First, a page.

Florian Habicht describes his funny, affectionate film about the annual Ninety Mile Beach Red Snapper Classic fishing competition as a ‘sequel of sorts’ to his classic Kaikohe Demolition.
Screened as part of NZIFF 2009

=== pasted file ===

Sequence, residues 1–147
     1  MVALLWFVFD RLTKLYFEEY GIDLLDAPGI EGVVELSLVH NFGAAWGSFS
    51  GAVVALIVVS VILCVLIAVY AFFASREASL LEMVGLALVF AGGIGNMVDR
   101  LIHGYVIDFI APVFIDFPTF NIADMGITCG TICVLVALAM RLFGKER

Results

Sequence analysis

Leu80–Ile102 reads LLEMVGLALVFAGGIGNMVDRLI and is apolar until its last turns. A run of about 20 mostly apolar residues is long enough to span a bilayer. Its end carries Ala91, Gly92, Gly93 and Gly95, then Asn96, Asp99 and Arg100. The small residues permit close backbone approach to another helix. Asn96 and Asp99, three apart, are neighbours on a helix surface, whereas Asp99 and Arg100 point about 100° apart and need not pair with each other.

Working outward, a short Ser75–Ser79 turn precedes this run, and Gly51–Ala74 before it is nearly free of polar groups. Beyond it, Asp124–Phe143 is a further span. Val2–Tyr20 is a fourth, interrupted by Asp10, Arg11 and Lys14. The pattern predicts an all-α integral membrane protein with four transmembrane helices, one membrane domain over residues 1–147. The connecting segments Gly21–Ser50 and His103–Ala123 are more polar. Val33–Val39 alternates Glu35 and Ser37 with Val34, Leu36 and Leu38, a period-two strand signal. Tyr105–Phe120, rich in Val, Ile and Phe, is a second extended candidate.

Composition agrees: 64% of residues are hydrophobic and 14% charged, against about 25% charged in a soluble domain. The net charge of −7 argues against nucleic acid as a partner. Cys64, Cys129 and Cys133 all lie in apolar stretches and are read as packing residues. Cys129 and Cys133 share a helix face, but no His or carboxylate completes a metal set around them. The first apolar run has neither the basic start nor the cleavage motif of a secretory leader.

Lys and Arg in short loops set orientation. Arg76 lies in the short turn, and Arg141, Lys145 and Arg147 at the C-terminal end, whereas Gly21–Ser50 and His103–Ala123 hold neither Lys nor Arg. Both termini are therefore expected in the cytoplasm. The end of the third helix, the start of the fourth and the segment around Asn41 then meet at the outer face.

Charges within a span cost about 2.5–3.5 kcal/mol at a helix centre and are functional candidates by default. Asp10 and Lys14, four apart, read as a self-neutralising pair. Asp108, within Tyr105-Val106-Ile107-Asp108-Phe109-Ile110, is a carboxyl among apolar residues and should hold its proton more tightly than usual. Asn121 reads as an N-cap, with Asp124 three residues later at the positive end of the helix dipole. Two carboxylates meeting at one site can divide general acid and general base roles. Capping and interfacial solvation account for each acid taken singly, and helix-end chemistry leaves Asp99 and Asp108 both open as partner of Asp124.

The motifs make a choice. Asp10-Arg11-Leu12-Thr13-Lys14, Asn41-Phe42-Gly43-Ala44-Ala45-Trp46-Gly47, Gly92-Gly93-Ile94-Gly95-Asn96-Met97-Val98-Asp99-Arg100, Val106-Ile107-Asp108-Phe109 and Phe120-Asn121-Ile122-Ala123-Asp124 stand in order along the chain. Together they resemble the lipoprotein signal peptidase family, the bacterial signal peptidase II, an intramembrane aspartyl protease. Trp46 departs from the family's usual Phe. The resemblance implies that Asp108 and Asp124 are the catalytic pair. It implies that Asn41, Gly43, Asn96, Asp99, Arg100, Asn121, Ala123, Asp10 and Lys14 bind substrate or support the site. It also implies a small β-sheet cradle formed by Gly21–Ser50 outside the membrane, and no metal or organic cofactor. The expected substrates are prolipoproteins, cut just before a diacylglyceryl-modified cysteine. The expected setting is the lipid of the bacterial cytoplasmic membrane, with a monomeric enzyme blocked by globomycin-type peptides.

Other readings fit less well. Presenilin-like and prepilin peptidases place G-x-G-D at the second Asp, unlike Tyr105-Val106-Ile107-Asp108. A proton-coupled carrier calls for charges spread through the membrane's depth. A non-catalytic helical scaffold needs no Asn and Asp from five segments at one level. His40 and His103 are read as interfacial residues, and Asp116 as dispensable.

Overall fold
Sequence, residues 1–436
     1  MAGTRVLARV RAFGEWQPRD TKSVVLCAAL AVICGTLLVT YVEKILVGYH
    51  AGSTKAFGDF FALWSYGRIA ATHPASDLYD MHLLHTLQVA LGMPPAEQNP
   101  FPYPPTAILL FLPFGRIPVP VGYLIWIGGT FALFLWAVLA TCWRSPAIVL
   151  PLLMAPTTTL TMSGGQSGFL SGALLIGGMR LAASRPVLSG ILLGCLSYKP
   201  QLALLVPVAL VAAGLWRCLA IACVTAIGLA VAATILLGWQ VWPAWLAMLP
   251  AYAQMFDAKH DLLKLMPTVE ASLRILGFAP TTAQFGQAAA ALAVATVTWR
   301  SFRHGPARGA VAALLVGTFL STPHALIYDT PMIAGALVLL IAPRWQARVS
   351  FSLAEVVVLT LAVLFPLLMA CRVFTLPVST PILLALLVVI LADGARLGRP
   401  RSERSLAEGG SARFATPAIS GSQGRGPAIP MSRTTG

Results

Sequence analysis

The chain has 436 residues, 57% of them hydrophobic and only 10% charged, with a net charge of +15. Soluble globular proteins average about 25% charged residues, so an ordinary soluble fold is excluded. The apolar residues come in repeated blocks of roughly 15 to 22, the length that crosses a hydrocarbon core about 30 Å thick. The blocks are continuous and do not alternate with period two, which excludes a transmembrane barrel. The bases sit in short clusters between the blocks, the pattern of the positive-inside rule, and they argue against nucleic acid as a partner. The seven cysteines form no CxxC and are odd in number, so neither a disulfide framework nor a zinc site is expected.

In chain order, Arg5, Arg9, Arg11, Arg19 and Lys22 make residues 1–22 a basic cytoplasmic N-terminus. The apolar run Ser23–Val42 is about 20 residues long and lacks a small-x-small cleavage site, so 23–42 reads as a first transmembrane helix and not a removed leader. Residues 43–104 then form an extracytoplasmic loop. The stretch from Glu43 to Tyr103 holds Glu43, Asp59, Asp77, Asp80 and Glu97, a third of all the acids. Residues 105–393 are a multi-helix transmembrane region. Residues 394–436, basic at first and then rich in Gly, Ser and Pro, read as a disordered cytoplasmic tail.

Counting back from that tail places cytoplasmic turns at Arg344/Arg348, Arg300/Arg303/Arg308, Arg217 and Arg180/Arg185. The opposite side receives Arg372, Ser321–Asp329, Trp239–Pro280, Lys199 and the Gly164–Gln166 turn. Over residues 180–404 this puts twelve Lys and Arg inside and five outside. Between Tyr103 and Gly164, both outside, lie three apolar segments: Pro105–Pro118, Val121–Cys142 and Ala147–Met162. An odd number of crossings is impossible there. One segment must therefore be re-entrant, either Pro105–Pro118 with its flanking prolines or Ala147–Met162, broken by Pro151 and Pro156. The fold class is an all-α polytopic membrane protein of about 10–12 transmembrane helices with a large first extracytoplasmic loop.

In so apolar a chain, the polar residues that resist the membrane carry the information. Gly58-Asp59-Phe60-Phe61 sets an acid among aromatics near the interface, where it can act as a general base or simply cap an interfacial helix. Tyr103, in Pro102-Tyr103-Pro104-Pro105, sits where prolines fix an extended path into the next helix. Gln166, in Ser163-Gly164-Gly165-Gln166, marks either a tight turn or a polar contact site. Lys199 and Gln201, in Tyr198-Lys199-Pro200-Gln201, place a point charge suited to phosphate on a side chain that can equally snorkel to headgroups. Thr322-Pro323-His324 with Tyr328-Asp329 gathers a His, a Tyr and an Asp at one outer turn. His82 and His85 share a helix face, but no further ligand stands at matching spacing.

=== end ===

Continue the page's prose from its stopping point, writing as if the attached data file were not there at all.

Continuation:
Florian Habicht describes his latest exposé of the recreational habits of Northlanders as a ‘sequel of sorts’ to his classic Kaikohe Demolition. Claimed to be the largest surfcasting event in the world, the annual Ninety Mile Beach Red Snapper Classic attracts hundreds of anglers for five days every February to compete for prizes in excess of $250,000, with the biggest snapper taking out a serious $50,000. Habicht joins them, camera in hand, full of questions about what they might be thinking as they engage in this elemental and apparently very relaxing pursuit. How will they spend the prize money? Do they believe in an afterlife? Habicht relishes the individual flavour of every frank response. There are interludes of boisterous carousing, grueling scenes of snapper Passion, and long and lovely shots of the long and lovely beach. The amiable atmosphere of tolerance and unpretentious philosophising is so salty and true and rousing that you could bottle it, call it Kiwiade, and sell it by the crateload to homesick expatriates. — BG